Supertramp – Crime of the Century

Supertramp

Forty years ago this month, Supertramp released Crime of the Century. It came out eighteen months after Pink Floyd’s Dark Side of the Moon, an album with which it shares many things – both thematically and in terms of production values and musicianship. Ironically though, history has deigned that the Floyd album is a dark, brooding masterpiece that’s a unique insight into the English psyche of that time, whereas somehow the Supertramp album isn’t. Indeed it struggled to garner serious critical acclaim, despite it selling in vast numbers throughout the nineteen seventies…

The band’s third long player, it is the quintessential Supertramp album, and the first to feature the classic lineup which held for a decade – until one half of the creative engine of the band left in the early eighties. Crime of the Century is a product of the band’s two main protagonists, Swindon-born Rick Davies and Portsmouth-born Roger Hodgson. Davies was the keyboardist, but ironically the piano was Hodgson’s favourite instrument; he found himself playing bass simply because the band couldn’t find anyone more suitable, despite extensive auditioning. What this meant was that there was strength in depth, with both men versatile instrumentalists and both playing leading roles in songwriting, singing and playing.

Crime of the Century’s main problem is that it doesn’t fit neatly into any one genre. Dark Side of the Moon epitomised a particular strand of brooding progressive rock, but COTC – despite a similar lyrical feel – doesn’t. Perhaps It’s a little too slick, too infused with ‘soft-rock’ tendencies. It also lacks that deep, plaintive vocal sound of mid-period Floyd; Hodgson’s tenor lacks the weight, despite being a lovely, poignant voice. Arguments raged at the time whether this album was ‘real prog’, as it had so much of the look and feel of the genre. These included songs which segued through different sections and time signatures (School exemplifying this), to lyrics questioning the senselessness of modern life, to a very ‘period’ cover design from Paul Wakefield. The album’s themes of anomie and alienation, angst and introspection are all boilerplate ‘serious rock’ fare, too…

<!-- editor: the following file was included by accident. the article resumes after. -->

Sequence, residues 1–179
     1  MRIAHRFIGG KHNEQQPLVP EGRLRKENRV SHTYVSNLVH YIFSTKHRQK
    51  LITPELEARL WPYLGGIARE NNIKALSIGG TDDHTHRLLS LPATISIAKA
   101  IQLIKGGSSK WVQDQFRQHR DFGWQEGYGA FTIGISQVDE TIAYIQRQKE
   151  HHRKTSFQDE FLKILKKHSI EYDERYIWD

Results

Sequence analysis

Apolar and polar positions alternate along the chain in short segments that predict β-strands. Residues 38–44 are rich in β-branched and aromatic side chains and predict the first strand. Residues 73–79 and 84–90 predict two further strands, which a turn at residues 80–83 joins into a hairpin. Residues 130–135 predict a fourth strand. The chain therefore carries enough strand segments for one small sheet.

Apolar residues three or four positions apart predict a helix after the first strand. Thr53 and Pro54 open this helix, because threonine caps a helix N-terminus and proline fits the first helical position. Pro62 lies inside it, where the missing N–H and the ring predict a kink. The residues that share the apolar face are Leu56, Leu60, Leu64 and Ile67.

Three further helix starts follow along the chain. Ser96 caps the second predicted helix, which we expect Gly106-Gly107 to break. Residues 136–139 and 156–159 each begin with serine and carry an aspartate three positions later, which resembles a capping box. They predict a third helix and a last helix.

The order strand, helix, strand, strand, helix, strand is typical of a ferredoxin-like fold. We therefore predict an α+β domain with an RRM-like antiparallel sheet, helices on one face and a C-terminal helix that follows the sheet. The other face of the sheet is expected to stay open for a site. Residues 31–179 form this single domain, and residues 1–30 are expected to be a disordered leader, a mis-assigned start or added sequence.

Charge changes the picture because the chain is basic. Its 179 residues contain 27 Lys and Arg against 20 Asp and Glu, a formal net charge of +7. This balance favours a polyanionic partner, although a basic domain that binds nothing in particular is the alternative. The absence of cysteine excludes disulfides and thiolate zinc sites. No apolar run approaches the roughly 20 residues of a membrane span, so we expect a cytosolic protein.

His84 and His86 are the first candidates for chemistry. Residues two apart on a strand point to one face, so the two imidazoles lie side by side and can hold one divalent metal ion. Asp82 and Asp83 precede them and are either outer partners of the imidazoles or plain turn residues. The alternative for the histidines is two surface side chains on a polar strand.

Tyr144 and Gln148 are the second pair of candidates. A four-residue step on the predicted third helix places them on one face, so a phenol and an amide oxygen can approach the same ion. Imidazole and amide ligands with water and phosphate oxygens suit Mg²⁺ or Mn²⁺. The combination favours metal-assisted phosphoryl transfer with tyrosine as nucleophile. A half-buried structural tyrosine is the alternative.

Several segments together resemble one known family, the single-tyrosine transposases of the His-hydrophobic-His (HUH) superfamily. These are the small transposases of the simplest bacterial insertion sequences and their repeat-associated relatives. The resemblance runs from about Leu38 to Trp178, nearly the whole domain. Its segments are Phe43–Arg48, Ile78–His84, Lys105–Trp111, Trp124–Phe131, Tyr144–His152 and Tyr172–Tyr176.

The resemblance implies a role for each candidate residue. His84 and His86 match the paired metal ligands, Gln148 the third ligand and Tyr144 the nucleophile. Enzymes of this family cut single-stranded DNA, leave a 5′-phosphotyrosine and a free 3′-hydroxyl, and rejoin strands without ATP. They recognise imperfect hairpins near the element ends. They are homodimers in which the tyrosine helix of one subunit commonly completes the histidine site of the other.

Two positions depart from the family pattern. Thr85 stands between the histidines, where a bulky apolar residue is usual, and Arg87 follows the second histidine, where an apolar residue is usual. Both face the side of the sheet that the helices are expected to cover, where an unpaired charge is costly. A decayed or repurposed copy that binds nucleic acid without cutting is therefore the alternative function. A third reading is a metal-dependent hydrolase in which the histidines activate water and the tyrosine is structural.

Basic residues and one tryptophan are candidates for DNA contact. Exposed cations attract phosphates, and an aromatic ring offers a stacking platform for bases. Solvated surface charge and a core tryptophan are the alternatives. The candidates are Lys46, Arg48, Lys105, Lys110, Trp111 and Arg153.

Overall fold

In the UK the album was most famous for its single Dreamer – one of several fine Roger Hodgson compositions – which had heavy radio play in the mid-seventies, but every song on Crime of the Century is excellent in its way. In the US, Rick Davies’ Bloody Well Right made its mark and saw the LP sales get certified Gold by 1977. Heavily driven by Hodgson’s piano work right through, the album also sports some superb guitar solos, fine string arrangements and harmonica work. The Ken Scott production is superlative, a state-of-the-art mid seventies affair that isn’t too lavish or intrusive, yet is slick and multi-layered; the general recording quality is excellent, at the time it was one of the best ever. The first pressing on A&M Records is excellent, but in 1977 it was bettered by the Mobile Fidelity Sound Lab pressing – it was the first pop LP ever to appear on this label.

Although the band ended up selling sixty million(!) LPs over a decade, perhaps the reason Crime of the Century never quite propelled Supertramp to critical greatness was that it was too straight-laced. Here was a collection beautifully crafted songs immaculately played and produced – but this in turn means it lacks a certain edge. Nor did the band members themselves possess the self-destructive tendencies of contemporaries like Floyd, The Who and Genesis – so there was less for the all-important music press of the day to wax lyrical about. In truth, this is sophisticated art rock – closer to Fleetwood Mac’s (subsequent) Rumours than Pink Floyd’s Meddle. However you frame it though, this is a special record that’s too good to be forgotten.

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